The ‘room’ can refer to any element of your life in which other people have an influence, whether it is in the workplace or on a sports field, or within your friendship group. The whole concept is to continue to improve by surrounding yourself with the right people. One of the keys to self-improvement is knowing when you have outgrown a role or become stifled by negative people, in your professional or private life. (This does not mean that you should march into your boss’ office and demand a promotion, nor does it mean you are therefore entitled to one.) But gaining the realisation that you are ready for a new challenge is a positive step that should not be ignored. It is not about competition with the people in the room, it is about competition with your former self, so that day by day you improve and continue to experience success thanks to your exposure to new experiences.

Making that transition, though, can be a daunting prospect to face. The thought of going from being a big fish in a small pond to a small fish in an ocean of very smart fish, can be enough to turn anyone against the idea. It is important to realise that instead of feeling scared, intimidated and a little stupid, all you need to do is change your attitude towards the task. When you instead focus on positives, there are two key considerations to make; firstly the knowledge and experience gap that there may be between you will diminish rapidly as you learn from those who are better than you. Secondly, simply by standing in that room, you are already passively associated with these people, you are part of the same brand and therefore the perception is that you are on the same level as them.

Putting yourself into rooms full of people smarter than you, wiser than you, better than you in some form, will force you to be smarter, wiser and better than you were yesterday. Know when to leave one room, and walk into a scarier one.

Monday 13 July 2015

Star Wars: the Decision to Reboot

A long time ago, in a galaxy far far away… the movie franchise that has captured the love of men and boys combined, will once again come to the big screen. Excitement and enthusiasm will surely continue to increase from now until the premier in December this year. Apparently, in the language of Hollywood, this is what is known as a ‘reboot’, and Star Wars is certainly not the first to be remade in this way. Movies that achieved success the first time round are always likely candidates to be reinvented, revived and revamped.

Personally, I couldn’t care less about the lightsaber-wielding Jedi and the return of an ageing (yet still rather pulchritudinous) Harrison Ford, nevertheless there is certainly a message to be derived from the ‘Return of the Jedi’, ‘the force’, ‘the one ring to rule them all?’ ‘The goblet of fire?’ etc.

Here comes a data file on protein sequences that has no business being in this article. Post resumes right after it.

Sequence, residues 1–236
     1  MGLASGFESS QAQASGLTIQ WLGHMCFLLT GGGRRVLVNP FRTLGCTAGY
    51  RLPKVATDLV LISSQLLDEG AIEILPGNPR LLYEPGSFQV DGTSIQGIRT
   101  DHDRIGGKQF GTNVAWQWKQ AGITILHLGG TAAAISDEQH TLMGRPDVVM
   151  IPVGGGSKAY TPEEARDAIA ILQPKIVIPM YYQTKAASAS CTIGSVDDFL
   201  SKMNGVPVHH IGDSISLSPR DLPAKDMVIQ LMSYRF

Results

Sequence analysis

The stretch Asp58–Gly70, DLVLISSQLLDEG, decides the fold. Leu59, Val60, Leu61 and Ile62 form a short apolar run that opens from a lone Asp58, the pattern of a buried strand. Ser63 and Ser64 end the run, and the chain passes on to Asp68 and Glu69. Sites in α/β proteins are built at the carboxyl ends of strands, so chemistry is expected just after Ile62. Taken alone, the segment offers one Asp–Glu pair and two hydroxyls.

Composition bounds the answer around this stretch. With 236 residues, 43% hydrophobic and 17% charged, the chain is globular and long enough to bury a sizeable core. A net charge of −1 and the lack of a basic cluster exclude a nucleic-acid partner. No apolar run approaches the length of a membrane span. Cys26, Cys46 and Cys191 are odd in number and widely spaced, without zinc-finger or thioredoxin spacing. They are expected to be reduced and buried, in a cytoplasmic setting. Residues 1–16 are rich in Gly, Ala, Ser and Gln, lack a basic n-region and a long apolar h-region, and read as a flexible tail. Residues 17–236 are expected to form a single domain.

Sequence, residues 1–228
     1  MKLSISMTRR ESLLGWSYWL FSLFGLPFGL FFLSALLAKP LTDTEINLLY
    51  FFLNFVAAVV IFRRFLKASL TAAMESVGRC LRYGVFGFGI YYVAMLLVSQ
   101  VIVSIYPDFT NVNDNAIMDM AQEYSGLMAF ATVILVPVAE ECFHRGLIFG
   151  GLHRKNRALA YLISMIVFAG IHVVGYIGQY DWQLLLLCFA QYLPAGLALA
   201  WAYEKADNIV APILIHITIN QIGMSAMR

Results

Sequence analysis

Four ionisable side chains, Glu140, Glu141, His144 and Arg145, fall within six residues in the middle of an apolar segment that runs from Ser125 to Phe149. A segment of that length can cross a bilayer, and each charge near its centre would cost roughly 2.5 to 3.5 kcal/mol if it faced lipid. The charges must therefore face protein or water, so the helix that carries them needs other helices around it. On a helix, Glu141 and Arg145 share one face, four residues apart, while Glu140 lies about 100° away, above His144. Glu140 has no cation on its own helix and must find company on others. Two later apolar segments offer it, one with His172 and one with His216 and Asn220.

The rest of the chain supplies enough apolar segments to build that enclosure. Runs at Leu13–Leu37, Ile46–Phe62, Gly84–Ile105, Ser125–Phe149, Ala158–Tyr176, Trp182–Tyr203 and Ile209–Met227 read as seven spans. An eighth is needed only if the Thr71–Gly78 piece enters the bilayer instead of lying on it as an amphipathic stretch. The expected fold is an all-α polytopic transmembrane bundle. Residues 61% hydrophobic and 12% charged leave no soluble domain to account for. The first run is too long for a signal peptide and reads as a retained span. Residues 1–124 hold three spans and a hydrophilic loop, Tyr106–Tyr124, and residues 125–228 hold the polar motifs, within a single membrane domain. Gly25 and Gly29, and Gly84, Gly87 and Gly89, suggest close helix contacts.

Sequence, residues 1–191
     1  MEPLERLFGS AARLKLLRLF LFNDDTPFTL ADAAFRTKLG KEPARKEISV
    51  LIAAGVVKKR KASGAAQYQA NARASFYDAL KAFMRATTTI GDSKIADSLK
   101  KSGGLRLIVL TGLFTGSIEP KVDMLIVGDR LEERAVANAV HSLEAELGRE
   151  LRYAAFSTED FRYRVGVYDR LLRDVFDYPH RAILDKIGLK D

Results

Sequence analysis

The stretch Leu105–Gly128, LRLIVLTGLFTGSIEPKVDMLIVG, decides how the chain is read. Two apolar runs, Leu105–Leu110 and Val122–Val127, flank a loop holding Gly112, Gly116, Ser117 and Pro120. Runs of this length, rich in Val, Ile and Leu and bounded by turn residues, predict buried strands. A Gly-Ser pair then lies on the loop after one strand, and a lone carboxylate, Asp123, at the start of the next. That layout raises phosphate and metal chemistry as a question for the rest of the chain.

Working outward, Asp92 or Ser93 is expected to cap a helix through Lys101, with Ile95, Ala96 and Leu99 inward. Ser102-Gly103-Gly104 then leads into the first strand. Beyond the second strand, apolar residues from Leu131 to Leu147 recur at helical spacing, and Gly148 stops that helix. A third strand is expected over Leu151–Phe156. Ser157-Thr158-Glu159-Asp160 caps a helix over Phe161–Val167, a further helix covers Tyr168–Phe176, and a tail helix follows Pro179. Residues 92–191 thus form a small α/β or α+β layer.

By ‘rebooting’ a franchise, there is an injection of excitement and renewed enthusiasm that wouldn’t have been felt otherwise. Perhaps this, then, could be a message to take forward in business – a reboot or reinvention of what you offer, your processes and people.

There comes a time every once in a while, when you may feel that your vision and direction of the company has become wayward, or perhaps employees don’t feel as valued as they once did. In such circumstances, it is important to come back to the reasons why you began the journey of starting your own business in the first place, and what your core beliefs and values established from the outset. This is, in a sense, a reboot. If there are elements of your company that do not fit the model you initially had in mind, this referral back to your former self may allow both you and your business to understand how best to move forward again. This does not always mean, however, that changes or adaptations that are made along the way are always negative, nor does it mean your business should maintain rigid systems that cannot be adapted to meet fresh challenges. What the ‘rebooting’ process allows is the opportunity to reflect on these changes, and assess whether they have benefitted or hindered progress.

This look back at your default settings will aid you in refocusing your business in the holistic sense, allowing clarity of thought and a renewed passion for the road ahead.

Sometimes it is best to look back at where you came from, in order to progress forwards.

Monday 6 July 2015

Why Even the Best Leaders Need a Coach

Even the world’s best can’t do it all on their own. Athletes such as tennis No.1 Novak Djokovic, the worlds best footballer Lionel Messi, and Rugby World Cup winner Jonny Wilkinson all reached the pinnacle of their craft, yet each has coaches and advisors around them to guide them further down the path of success. Likewise can be said of the sharpest minds in business; Caan, Robbins, Branson etc and political leaders like Obama and Cameron have a back room of staff offering direction. Just because they have achieved success does not mean they presume to be the finished article. They continue to employ leading thinkers and experts in specific fields around them, regardless of the success they enjoy.